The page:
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Mixed-Methods Training Opportunity at SBM on 3/29

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Are you interested in applying for K- or R-funding for Community-Based Participatory Research or Dissemination/Implementation science projects that utilize mixed methods?  If so, there is an outstanding training session at the Society of Behavioral medicine (SBM) in San Diego on March 29th.  The SBM pre-course #2 workshop on translational research mixed methods features Dr. John Creswell, an international expert on mixed methods research, as well as NIH program officers from NCI, NIMHD, and OBSSR, and other funded mixed methods researchers.  Plenty of small-group interactions planned so you can get input on questions that matter to you!  It runs from 9 am-3 pm on 3/29.

Please feel free to share with other colleagues who may also be interested.  Read on for more details below, including links to the portion of the website where the pre-courses are listed, so you can sign up for these or other pre-courses:

SBM pre-course link on website – shows more details about just signing up for pre-courses:|P|PS

SBM link to register for the conference and pre-courses:

Nuts and Bolts of Mixed Methods for Translational Research - Part 1: Embedding Mixed Methods into Translational Research; Part 2: Funding Mixed Methods approaches for Translational Research

Wednesday, March 29 – Society of Behavioral Medicine national meeting, San Diego, CA

9:00 AM - 3:00 PM

Summary: Through a combination of lectures and experiential small group learning, this 2-part pre-course covers the fundamentals of embedding mixed methods core designs into translational research approaches (Part 1) and an applied overview of strategies to obtain NIH funding for translational research approaches that have embedded core mixed methods designs (Part 2).

Part 1 of this 2-part Mixed Methods pre-course will have a strong methodologic focus: Dr. John Creswell will introduce the familiar “core” mixed methods designs or procedures, including the convergent design, the explanatory sequential design, and the exploratory sequential design. In addition, Dr. Creswell will present the cutting-edge approaches that allow investigators to apply these core mixed methods designs to CBPR and D&I research studies. The organizers have designed Part 1 of this pre-course to provide an introduction to mixed methods research, and also to highlight new, innovative ways to extend mixed methods into CBPR and D&I research.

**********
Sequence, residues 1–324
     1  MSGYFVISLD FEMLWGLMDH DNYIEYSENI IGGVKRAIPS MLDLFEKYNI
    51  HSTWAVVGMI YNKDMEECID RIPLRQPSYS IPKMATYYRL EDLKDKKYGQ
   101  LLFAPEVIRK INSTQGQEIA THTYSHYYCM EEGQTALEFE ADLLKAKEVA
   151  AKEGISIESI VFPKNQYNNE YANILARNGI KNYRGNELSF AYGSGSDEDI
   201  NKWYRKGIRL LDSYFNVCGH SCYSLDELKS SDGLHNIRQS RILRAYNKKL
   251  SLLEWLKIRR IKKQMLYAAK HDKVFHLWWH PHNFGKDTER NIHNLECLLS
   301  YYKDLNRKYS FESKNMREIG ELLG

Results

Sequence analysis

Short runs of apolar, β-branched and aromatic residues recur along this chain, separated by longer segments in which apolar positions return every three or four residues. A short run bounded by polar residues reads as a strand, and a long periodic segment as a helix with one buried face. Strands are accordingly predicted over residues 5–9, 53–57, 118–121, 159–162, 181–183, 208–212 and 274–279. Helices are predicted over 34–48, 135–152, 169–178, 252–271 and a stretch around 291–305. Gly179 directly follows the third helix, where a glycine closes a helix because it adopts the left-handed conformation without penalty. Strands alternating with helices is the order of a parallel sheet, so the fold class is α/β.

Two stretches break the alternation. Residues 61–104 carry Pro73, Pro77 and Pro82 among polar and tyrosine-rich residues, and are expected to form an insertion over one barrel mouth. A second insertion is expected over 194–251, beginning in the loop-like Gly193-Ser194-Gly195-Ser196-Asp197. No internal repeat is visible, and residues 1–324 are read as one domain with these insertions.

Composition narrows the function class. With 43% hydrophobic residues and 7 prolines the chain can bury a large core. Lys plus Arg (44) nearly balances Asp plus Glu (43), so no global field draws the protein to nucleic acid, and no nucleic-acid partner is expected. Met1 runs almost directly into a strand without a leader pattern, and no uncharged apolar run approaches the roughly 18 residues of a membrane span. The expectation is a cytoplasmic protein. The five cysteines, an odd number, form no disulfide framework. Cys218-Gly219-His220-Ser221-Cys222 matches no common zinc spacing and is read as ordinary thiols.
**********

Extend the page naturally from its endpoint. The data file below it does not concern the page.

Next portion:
Part 2 of this pre-course will have a strong applied focus towards developing fundable translational research proposals that utilize mixed methods designs. While the material presented will transcend discipline, we will focus on Community-based Participatory Research (CBPR) and Dissemination & Implementation (D&I) research approaches to prevent and manage two different disease states: cancer and diabetes mellitus. NIH program officers, including William Elwood and Cynthia Vinson will describe strategic approaches to obtaining funding in this field, including reviewing the R-award program announcements that often fund CBPR and D&I mixed methods work. We will also include case examples of funded K- and R-award application in CBPR or D&I mixed methods research. Finally, we will hold small group breakout sessions led by 9 K-funded and R-funded mixed methods researchers in CBPR and D&I research. In separate breakout sessions for CBPR and D&I research, respectively, attendees will discuss how to develop their mixed methods research ideas to obtain funding. This 6-hour pre-course includes both Part 1 and Part 2 with a 30-minute luncheon incorporated into the session. Participants may also choose to sign up separately for only Part 1 of the pre-course (2 hours and 45 minutes) or Part 2 of the pre-course (2 hours and 45 minutes)v